Brightsurf Science News & Current Events

August 13, 2004
Family-dominated business sectors bad omens for economic health
If a few wealthy families control many of the large businesses in the country where you live, chances are the economy is in the dumps.

Slow road to independence is a problem for the young and parents alike
The trend for young people to continue in education and postpone independence is creating problems for them and parents, according to new research sponsored by the ESRC.

'New and better drugs for tuberculosis' goal of UH professor
In Kurt Krause's laboratory, what starts off as a molecule may become a potential drug to treat tuberculosis.

September conference focuses on biometrics
The Biometrics Consortium Conference 2004, scheduled for Sept. 20-22, 2004, at the Hyatt Regency Crystal City in Arlington, Va., will showcase recent advances in technologies and address issues facing the biometrics industry and end users in a variety of areas, including homeland security, law enforcement, identity theft and interoperability.

Cedars-Sinai medical tipsheet - August 2004
Cedars-Sinai's medical tipsheet for August includes story ideas on: 1) National Women's Health Platform; 2) Minimally Invasive Upper Lumbar Fusion Surgery; 3) Fluorescence Spectroscopy; Hyperspectrial Endoscopy; 4) Brain Cancer Vaccine Following Chemotherapy; 5)Magnet Hospital Designation; 6) Backpack Safety; and more.

Study: In post-9/11 atmosphere of war, voters favor male candidates
When America is waging its war on terrorism, citizens are more apt to vote for male candidates.

Chandra catches early phase of cosmic assembly
A NASA Chandra X-ray Observatory image has revealed a complex of several intergalactic hot gas clouds in the process of merging.

Treatment of blood sugar levels in intensive care patients results in reduction in mortality
A study in the August issue of Mayo Clinic Proceedings outlines how strictly controlling the levels of glucose, or sugar, in a patient's blood can increase the survival rate of critically ill patients.

New NIST guide helps book'em on digital evidence
Criminal investigators increasingly find that personal computers, handheld devices and even mobile phones contain pictures, e-mail and other data critical to the prosecution of cases.

Greenland ice core project yields probable ancient plant remains
A team of international researchers working on the North Greenland Ice Core Project recently recovered what appear to be plant remnants nearly two miles below the surface between the bottom of the glacial ice and the bedrock.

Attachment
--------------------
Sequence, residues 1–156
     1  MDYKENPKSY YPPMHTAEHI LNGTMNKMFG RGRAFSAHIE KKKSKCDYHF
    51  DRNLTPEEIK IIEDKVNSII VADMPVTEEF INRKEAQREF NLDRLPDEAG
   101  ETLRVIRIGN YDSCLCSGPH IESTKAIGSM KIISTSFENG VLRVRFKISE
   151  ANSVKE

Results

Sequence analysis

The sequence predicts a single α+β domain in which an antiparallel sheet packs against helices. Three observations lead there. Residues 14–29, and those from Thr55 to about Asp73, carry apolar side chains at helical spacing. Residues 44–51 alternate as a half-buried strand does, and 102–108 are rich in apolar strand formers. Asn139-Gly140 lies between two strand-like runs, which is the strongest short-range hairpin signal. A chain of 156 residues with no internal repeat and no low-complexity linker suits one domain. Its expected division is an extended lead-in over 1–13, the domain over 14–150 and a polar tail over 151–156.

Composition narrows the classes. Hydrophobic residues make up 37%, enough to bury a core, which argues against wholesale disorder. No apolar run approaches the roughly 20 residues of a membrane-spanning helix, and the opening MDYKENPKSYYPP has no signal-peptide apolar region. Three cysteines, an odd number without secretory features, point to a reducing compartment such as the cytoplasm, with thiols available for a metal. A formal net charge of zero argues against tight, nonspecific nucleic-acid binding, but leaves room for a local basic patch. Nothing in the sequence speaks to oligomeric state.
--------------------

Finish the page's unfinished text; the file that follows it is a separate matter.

The cosmic revolution: Task force outlines role of particle physics in a new universe
The Quantum Universe report focuses on nine fundamental questions in response to a request by two major research funding agencies, the U.S.

Carbon nanotubes eliminate manufacturing woe
Researchers at the National Institute of Standards and Technology (NIST) have discovered that the addition of carbon nanotubes to a common commercial polymer, polypropylene, leads to dramatic changes in how the molten polymer flows.

Can children make their own healthcare decisions?
When equipped with enough information, some adolescents can make health care decisions as well as adults.

Book addresses memory loss
A new book co-authored by a psychologist at Washington University in St.

Going to Mercury? Don't leave home without a NIST calibration
MESSENGER, the first spacecraft intended to orbit Mercury was launched on Aug.

Study reveals potential for more efficient stem cell transplants
An Indiana University School of Medicine study suggests that stem cells found in bone marrow, umbilical cord blood and some adult blood products can be enhanced in trafficking to the bone marrow and may increase transplant success, particularly in adults.

Study indicates why hospitalists improve hospital efficiency
You may not be familiar with the term, but you might find yourself being treated by a

Story tips from the Department of Energy's Oak Ridge National Laboratory, August 2004
Story ideas from the Department of Energy's Oak Ridge National Laboratory include Grains of insight into the grid, more bang for the buck and good vibrations. is a participant in the Amazon Services LLC Associates Program, an affiliate advertising program designed to provide a means for sites to earn advertising fees by advertising and linking to